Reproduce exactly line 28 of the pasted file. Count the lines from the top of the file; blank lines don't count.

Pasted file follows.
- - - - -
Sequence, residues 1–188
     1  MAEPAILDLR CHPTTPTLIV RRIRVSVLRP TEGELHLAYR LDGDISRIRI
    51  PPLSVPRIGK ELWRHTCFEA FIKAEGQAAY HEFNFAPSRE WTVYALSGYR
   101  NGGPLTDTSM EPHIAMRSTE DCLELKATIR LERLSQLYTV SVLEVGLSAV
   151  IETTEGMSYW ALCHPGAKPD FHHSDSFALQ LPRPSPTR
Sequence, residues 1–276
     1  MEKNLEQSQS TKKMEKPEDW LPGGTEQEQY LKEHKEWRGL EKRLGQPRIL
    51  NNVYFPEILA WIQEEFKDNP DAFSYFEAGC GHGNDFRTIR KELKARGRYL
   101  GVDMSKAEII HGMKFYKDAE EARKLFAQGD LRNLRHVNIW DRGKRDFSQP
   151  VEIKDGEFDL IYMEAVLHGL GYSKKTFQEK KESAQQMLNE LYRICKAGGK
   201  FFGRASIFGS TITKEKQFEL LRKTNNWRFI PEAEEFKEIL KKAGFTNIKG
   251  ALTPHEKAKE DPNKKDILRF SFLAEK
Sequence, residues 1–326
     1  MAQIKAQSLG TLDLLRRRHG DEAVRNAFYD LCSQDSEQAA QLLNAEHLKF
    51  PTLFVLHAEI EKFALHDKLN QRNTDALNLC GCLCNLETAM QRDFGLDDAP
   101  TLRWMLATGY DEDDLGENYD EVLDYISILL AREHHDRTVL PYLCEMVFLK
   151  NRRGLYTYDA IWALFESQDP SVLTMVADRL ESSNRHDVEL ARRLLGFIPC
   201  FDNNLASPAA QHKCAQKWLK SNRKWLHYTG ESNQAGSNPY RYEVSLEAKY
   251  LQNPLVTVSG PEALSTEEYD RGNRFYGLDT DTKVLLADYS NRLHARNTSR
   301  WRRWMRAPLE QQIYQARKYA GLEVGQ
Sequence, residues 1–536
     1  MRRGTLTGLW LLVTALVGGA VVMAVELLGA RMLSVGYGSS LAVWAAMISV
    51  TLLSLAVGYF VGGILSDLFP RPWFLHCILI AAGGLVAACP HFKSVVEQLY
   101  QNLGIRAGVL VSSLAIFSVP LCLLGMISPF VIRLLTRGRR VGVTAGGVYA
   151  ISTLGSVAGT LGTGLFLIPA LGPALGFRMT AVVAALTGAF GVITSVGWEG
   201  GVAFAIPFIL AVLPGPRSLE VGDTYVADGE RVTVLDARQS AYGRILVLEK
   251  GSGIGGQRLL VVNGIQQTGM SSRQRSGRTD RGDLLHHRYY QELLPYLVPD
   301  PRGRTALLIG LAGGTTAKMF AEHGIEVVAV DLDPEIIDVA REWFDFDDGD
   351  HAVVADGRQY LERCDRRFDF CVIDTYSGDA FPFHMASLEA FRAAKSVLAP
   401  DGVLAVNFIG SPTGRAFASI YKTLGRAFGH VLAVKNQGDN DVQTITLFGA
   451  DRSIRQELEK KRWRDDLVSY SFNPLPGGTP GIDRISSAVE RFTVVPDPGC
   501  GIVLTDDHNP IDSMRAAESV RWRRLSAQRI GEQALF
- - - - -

   301  PRGRTALLIG LAGGTTAKMF AEHGIEVVAV DLDPEIIDVA REWFDFDDGD